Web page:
Thursday, December 01, 2005
In what has been called "a most unfortunate barbaric act" by Aussie Attorney General Ruddock, Singaporean PM Lee Hsien Loong has refused to grant clemency for a Australian national convicted of drug trafficking. The convicted, Mr. Nguyen Tuong Van, is to be executed by hanging later today (Thursday, Dec. 1), despite petitions and pleas from particularly the Australian Government, according to AP.
This issue again raises the issue of harsh punishments in the southeast Asian island nation. The first question that comes to mind: Is death penalty justified? Secondly, has Singapore handled death penalty cases with transparency and moderation? Thirdly, is hanging a humane form of death penalty (relatively speaking). Lastly, is it helping?
While Governor Mark Warner of Virginia yesterday granted clemency for a death row inmate, the US is still not in the position of criticism since it has more death penalties than any other Industrialized country (not counting China). According to Amnesty International, only China, Iran and Vietnam saw more executions in 2004 than the United States. Other developed countries, however, have banned the use of death penalty including all members of the European Union. Even the UN is against it. So death penalty a sunset endeavor.
Going back to the specific case in Singapore, the issue of death penalty seems to have taken precedence over the issue of the particular crime. Is it fair to completely forget that Mr. Van broke the law in Singapore, and give him all the support in the world just because he has been granted the death penalty? Perhaps the way we do things ( the means ) are more important than what we actually do ( the ends )? This raises the issue of how death penalty, with its strong opposition, is actually helping criminals as sentiments against this type of penalty clears from our mind the issue we all want to solve: crime. So perhaps we could spend more effort on fighting crime if authorities didn't have to spend so many resources on defending the death penalty. Besides, I'm pretty sure that it's more expensive to have a death row inmate for 5-10-15 years, than to have someone imprisoned for life.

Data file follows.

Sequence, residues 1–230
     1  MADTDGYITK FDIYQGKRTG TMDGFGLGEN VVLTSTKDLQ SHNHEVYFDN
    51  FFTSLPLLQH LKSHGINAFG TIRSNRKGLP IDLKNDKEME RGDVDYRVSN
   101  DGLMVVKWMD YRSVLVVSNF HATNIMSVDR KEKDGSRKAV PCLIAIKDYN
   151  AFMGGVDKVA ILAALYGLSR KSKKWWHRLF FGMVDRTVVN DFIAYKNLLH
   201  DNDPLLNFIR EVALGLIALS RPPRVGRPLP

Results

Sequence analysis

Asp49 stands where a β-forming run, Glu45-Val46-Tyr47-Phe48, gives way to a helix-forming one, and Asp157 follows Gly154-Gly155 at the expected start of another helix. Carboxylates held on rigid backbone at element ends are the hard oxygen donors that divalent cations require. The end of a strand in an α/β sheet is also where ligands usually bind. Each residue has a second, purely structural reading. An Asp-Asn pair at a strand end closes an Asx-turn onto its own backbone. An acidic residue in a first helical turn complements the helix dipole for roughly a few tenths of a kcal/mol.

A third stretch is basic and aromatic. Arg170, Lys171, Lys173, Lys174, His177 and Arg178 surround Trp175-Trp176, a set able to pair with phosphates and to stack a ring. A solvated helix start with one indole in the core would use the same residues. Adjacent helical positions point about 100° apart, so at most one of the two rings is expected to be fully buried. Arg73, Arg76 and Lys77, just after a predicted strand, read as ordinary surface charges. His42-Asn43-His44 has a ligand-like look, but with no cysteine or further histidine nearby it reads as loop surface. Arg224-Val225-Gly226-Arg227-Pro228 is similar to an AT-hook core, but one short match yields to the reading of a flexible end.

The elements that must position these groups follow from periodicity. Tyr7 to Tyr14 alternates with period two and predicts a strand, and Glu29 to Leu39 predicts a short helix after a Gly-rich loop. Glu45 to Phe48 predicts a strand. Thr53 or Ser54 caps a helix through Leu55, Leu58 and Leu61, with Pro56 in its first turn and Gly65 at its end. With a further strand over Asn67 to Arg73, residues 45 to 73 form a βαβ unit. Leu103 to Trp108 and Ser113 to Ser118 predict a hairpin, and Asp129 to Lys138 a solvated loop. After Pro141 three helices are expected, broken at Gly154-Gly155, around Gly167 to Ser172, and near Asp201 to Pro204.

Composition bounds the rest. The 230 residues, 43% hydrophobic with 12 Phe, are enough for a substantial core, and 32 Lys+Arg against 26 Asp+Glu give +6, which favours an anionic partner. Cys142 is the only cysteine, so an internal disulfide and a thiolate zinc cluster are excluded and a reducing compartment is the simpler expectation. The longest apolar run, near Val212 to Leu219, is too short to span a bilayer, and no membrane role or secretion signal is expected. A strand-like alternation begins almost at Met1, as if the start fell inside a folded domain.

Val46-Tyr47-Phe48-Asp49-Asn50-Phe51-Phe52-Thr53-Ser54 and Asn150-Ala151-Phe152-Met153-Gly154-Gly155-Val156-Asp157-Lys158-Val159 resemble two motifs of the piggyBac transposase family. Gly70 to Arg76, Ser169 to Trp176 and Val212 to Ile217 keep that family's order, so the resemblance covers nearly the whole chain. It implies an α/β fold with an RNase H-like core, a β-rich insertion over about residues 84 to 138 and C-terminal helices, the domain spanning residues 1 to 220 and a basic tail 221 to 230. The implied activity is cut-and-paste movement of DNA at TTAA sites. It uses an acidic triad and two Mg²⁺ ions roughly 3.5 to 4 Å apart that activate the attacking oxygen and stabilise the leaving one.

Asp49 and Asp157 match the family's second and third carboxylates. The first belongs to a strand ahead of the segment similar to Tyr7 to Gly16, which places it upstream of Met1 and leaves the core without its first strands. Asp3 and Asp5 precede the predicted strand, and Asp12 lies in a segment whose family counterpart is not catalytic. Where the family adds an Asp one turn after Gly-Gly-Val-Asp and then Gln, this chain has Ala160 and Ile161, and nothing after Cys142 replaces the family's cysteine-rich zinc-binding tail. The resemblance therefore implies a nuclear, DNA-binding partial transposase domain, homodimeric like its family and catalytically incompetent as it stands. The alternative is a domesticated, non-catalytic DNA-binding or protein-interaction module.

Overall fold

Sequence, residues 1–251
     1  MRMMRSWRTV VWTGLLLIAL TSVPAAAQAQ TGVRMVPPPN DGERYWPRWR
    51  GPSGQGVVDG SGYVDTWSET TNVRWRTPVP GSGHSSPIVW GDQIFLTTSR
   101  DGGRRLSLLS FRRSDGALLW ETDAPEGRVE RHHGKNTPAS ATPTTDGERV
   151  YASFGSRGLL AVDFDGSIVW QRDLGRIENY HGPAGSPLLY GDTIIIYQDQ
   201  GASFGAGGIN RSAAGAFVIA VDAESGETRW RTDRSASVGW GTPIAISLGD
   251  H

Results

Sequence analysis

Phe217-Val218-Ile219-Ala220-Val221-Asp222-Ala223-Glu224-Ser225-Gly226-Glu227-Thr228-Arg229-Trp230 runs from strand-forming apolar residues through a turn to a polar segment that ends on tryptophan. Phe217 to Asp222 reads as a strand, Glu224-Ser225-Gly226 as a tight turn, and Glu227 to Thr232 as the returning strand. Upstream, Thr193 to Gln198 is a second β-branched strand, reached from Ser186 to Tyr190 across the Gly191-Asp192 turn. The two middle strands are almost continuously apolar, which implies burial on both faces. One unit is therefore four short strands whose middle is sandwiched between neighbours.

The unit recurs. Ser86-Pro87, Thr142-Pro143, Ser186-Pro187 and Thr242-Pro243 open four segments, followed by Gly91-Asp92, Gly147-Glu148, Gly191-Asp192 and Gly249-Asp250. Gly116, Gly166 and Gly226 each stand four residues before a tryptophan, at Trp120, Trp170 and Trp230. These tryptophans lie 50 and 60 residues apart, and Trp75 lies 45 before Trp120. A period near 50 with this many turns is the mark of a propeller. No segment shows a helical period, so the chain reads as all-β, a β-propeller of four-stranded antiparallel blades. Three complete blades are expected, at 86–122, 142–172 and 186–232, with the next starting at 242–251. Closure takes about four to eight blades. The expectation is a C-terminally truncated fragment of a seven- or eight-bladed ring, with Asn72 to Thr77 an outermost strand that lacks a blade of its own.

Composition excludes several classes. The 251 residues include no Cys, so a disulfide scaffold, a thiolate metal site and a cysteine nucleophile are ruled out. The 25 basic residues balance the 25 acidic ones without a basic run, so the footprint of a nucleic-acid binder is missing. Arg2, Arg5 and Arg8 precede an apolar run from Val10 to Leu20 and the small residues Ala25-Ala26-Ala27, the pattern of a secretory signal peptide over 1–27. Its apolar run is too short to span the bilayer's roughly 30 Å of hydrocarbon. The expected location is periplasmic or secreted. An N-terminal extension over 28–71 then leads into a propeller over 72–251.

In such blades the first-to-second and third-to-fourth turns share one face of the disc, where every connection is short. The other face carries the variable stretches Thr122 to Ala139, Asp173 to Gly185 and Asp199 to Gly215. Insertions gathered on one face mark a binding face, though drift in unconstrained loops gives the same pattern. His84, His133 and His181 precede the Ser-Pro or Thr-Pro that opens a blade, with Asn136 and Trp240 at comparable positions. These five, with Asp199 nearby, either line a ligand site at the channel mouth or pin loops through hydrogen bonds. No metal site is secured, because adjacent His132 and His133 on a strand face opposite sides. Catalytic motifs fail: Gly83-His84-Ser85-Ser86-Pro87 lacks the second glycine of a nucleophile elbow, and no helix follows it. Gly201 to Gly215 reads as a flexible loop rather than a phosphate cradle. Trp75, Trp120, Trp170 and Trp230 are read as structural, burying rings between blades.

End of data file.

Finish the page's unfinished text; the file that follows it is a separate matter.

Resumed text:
Then again- what about deterrence? Would crime explode in Singapore and the United States if they were to overturn the death penalty overnight? Who thinks Timothy McVeigh (the Oklahoma City Bomber) deserves better than death penalty? Vengeance is one of the oldest feelings, which have prevailed all throughout human history. But does that justify it?
I hope this entry raises more questions than it answers. I hope the debate will live on. And personally, I hope it one day will limit the number of death penalties. As theclichehÃ© goes: an eye for an eye leaves all blind.
More info on Amnesty Intl's website. : http://web.amnesty.org/pages/deathpenalty-index-eng
Posted by SAP at 11:22 AM